Well, it was concise, which is rare for this Governor. But it’s also incomplete. Given the House revenue number is half a billion less than the Governor’s, the General Assembly has to take its knife to an already lean budget.
Nobody is going to have any fun with that. Quinn’s 5% cuts will be closer to 15% cuts when the ink is dry on this budget.
- Small Town Liberal - Wednesday, Mar 6, 13 @ 12:51 pm:
Pretty focused, made it very clear to anyone that hasn’t been paying attention what the elephant in the room is.
I liked that he called for redirecting the pension bond revenue when they expire, and that he wants a guarantee on future payments.
Also suspending loopholes to pay old bills is a great idea, that puts cash directly back into our economy. If only it could be coupled with a refinancing deal…
- Small Town Liberal - Wednesday, Mar 6, 13 @ 12:53 pm:
- Given the House revenue number is half a billion less than the Governor’s -
Been meaning to ask, who’s projection was closer last time?
Quinn’s best budget address yet. He is absolutely correct to focus on the pension crisis. Legislature clearly doesn’t like to be told to eat their vegetables before dessert. Too bad. Doing nothing is not going to make the problem disappear.
- Small Town Liberal - Wednesday, Mar 6, 13 @ 1:07 pm:
- Projections are one thing, budgets quite another. -
I’m not disagreeing, just wondering if there’s any chance the House would be any more flexible this time around.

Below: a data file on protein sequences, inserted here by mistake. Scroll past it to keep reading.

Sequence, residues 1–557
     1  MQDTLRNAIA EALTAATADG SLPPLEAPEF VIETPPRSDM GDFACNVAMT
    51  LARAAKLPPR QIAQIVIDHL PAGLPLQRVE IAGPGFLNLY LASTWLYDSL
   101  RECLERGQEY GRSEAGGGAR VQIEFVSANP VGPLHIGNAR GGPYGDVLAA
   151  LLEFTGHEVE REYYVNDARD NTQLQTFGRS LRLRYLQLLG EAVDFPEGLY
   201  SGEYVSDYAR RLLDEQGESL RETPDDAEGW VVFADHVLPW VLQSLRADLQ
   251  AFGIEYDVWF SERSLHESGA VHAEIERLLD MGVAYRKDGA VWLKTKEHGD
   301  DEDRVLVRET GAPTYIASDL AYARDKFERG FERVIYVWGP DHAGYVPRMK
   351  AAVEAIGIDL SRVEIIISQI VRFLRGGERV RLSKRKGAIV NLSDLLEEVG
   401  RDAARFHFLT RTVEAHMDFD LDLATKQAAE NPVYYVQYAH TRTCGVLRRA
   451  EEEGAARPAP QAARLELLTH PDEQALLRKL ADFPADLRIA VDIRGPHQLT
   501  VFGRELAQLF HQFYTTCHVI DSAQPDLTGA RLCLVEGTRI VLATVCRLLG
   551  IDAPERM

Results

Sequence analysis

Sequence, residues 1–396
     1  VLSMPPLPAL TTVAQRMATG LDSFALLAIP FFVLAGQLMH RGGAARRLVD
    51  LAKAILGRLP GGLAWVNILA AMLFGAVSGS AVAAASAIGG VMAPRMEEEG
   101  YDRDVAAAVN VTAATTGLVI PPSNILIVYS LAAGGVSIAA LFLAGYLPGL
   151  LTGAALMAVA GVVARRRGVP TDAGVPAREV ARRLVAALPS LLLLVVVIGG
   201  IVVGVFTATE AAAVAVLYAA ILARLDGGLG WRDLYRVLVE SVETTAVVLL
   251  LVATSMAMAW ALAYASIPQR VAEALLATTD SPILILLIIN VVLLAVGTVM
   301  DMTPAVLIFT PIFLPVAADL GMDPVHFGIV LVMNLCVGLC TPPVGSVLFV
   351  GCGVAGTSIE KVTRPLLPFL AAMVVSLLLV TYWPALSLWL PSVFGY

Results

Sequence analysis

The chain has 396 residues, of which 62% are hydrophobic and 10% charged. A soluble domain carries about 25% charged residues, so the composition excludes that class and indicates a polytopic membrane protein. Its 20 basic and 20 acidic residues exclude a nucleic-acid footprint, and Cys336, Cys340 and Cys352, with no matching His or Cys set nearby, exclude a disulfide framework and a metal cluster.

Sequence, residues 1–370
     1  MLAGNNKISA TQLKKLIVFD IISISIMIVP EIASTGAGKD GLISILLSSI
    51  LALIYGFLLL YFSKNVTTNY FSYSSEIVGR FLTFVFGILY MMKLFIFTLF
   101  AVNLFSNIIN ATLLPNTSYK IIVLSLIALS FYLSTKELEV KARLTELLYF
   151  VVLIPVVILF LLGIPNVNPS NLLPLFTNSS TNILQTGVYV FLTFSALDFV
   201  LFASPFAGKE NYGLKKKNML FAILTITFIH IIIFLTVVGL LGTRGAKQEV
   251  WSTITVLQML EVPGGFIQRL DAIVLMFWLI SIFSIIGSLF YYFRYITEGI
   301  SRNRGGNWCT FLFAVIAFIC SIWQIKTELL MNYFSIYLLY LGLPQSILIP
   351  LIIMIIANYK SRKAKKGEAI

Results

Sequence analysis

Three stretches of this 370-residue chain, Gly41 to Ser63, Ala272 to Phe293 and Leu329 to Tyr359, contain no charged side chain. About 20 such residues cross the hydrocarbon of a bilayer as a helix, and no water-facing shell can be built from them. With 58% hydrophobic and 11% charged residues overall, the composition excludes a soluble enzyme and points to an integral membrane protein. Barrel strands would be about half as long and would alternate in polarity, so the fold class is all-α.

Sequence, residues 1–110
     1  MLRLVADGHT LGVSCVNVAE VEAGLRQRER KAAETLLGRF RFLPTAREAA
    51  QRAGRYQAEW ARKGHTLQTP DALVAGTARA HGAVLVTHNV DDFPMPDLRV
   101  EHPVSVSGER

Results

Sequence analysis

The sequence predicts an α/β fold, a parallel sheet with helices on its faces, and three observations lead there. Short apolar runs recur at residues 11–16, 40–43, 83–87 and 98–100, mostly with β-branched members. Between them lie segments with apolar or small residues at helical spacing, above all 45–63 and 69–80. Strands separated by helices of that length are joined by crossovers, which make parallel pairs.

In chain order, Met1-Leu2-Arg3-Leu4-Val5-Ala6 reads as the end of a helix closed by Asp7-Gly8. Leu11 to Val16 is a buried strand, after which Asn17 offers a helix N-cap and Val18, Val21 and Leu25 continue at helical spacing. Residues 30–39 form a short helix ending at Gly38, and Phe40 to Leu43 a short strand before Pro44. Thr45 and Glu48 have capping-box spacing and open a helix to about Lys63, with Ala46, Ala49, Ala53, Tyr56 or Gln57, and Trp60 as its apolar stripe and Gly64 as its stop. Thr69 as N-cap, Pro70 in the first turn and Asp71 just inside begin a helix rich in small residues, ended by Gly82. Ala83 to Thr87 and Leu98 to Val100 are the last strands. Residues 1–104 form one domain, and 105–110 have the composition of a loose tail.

Concise and focused on the correct issue:Stae Pension crisis. not sure it was a good to make the ILGA the boogie man. Not one mention (I think) of Nekritz, Biss, others who have been working on the issue.
Look at the data. All the proposed benefit changes will not fix the problem. They have to address the debt repayment schedule. Flat payments over a longer time frame and set a more reasonable funding level such as 80% funding of the pensions. IF that doesn’t work then increase employee contributions. After that look at teh benefits. Where is the practical common sense on this issue. See Ralph Martire’s material.
- Chris Sale Fan - Wednesday, Mar 6, 13 @ 1:21 pm:
Small Town - House’s was more accurate. And we were flexible this time - we adopted the full COFGA number, which was a deviation from the past where we mixed and matched with GOMB and COFGA taking the most conservative on each revenue stream.
I wrote this in another post, but Quinn continuing to blame the legislature for lack of movement on pension reform isn’t productive. He should say it is their collective responsibility. Even if he believes in his heart it is their fault, he shouldn’t say that.
Hasn’t he learned anything from his former running-mate?
- CircularFiringSquad - Wednesday, Mar 6, 13 @ 1:23 pm:
Every pension change he suggested will be challenged as violating the Illinois Constitution’s pension protection clause. I guess he and the General Assembly have resigned themselves to that path. But, it could very well come back to bite them if they loose in the courts.
- Small Town Liberal - Wednesday, Mar 6, 13 @ 1:27 pm:
- Every pension change he suggested will be challenged as violating the Illinois Constitution’s pension protection clause -
Really? Redirecting pension note revenue and guaranteeing future payments will be challenged? Seems odd.
“Every pension change he suggested will be challenged as violating the Illinois Constitution’s pension protection clause.”
Assume, for a moment, that increasing revenue is *impossible*.